Published Nov 12, 2009In its simplest terms, Love & Savagery is the sort of film that expects us to keep a straight face when characters break into long-winded Celtic chants or read each other dreadfully corny poetry. We're also asked to buy into forbidden love based entirely on longing looks, as, quite simply, the lovers have the complexity of goldfish. It's sweet, charming and well intentioned but exceedingly rote and as shallow as a mud puddle.
These maudlin sentiments come care of Michael (Allan Hawco), a Canadian Geologist and amateur poet examining rocks in Ballyvaughan, Ireland, circa 1968. While there, he meets plucky Irish lass Cathleen (Sarah Greene), who, unbeknownst to him, made a vow to her dying mother at the age of 13 to become a nun, which means no nookie.
If keeping it in his pants wasn't enough of a dilemma, the locals step in on the budding romance, initially warning Michael to keep away from their chaste darling, then using violence to clarify their point. Meanwhile, Cathleen struggles with basic human hormones.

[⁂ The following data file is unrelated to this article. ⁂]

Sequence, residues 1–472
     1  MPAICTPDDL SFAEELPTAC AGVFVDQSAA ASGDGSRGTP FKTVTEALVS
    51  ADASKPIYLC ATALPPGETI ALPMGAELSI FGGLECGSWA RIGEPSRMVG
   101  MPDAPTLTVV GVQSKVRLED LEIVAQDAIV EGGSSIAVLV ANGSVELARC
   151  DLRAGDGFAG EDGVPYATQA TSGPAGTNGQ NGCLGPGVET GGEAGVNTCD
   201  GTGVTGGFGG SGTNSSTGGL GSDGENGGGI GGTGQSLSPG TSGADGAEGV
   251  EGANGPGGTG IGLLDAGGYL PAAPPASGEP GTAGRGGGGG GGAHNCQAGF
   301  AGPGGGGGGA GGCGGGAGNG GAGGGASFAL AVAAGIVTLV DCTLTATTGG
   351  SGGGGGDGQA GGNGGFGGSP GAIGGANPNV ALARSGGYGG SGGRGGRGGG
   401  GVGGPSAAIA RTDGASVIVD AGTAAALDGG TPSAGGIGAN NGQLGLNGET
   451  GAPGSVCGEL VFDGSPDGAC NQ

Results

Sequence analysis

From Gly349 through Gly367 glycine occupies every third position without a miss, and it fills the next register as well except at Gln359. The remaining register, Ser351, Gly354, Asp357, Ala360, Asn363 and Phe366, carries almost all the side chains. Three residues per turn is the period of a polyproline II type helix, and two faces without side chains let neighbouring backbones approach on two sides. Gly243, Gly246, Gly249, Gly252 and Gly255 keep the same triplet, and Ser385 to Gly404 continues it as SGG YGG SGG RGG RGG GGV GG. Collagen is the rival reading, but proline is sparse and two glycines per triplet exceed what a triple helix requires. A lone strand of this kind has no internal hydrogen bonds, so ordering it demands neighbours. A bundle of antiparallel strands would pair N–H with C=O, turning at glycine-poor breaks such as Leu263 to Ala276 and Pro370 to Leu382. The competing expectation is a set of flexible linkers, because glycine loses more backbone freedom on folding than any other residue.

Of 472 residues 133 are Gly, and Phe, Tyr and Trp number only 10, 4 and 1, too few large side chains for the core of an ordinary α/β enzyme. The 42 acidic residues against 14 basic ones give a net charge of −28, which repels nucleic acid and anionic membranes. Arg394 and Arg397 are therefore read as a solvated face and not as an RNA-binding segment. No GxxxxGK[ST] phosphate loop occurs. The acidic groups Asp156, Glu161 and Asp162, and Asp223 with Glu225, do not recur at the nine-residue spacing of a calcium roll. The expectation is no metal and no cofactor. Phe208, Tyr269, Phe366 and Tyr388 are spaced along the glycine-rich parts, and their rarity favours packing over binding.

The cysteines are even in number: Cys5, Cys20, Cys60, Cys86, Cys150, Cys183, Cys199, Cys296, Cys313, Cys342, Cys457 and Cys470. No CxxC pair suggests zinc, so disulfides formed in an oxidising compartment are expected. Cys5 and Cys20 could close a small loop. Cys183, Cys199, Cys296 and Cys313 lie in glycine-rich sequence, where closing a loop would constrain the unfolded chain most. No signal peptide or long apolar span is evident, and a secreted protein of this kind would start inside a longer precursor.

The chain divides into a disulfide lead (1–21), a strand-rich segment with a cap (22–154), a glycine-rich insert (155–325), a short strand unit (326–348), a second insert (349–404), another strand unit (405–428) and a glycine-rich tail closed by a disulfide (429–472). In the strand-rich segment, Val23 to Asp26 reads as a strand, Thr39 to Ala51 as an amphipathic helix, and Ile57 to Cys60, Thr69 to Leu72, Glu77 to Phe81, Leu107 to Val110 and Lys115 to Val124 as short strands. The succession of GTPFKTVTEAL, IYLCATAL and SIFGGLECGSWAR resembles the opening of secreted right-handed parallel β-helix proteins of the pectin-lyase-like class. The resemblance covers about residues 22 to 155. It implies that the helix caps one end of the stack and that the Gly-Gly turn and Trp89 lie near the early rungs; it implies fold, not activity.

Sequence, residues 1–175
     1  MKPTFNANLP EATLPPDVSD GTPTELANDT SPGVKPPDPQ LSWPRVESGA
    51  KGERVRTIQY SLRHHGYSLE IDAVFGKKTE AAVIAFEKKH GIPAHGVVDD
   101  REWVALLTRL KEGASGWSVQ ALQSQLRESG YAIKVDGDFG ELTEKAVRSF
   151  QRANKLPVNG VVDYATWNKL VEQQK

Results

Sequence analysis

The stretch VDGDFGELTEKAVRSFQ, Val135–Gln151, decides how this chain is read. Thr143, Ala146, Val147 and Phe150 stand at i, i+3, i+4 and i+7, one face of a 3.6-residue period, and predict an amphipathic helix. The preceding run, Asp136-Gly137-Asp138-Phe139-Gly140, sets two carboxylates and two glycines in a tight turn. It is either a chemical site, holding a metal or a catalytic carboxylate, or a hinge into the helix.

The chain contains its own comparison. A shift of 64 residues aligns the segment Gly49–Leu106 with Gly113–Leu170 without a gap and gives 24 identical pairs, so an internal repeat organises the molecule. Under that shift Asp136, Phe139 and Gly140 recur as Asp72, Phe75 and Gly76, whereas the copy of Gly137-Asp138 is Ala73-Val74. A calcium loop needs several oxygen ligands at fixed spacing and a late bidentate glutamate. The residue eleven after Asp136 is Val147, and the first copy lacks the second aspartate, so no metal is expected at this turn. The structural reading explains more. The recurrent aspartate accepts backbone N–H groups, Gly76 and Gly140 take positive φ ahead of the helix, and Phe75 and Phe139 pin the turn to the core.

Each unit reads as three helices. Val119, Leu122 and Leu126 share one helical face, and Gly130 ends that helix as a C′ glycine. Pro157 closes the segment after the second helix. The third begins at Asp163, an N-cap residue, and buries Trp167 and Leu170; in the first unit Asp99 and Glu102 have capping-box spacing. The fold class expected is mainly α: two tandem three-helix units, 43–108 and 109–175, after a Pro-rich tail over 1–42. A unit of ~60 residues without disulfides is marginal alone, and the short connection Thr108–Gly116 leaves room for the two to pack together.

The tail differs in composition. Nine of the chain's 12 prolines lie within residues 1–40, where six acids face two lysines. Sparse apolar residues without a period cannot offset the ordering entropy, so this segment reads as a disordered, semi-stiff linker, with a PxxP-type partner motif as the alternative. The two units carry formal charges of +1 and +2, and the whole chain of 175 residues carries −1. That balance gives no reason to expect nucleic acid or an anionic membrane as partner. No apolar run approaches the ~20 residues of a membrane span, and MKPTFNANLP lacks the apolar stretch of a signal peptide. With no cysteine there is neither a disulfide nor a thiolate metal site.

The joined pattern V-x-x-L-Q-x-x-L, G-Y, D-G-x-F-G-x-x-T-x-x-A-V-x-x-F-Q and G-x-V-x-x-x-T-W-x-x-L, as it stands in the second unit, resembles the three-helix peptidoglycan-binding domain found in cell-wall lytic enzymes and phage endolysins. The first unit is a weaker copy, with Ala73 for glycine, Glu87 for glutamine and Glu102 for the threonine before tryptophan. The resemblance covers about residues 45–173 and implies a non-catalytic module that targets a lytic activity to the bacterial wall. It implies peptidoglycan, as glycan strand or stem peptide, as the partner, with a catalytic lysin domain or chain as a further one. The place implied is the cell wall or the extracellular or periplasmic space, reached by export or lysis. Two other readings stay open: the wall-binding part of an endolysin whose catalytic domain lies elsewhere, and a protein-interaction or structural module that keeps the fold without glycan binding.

Should the cartoon-ish animalization of the small town locals serve as a detriment to the film, a series of bizarre decisions made by both Michael and Cathleen seal the deal. After receiving a brutal beating and nearly drowning, the love-stricken Newfoundlander shares an intimate dance with the wife of God at a local pub. While this could serve as character-building passive-aggressive act of arrogance, the film sidetracks the issue, leaving things to goo-goo eyes and blind ignorance without any psychological indication why these people would want each other, outside of craving a good shag.
Some lush cinematography and a deliberate pace partially mask these many narrative shortcomings but at the end of it all, it's hard to think anything other than, "why are these people so incredibly stupid?"
On the unintentional humour front, Martha Burns, who was last seen chained up in a sex dungeon, surrounded by men with dildos strapped to their faces, in You Might As Well Live, plays a nun. (Mongrel Media)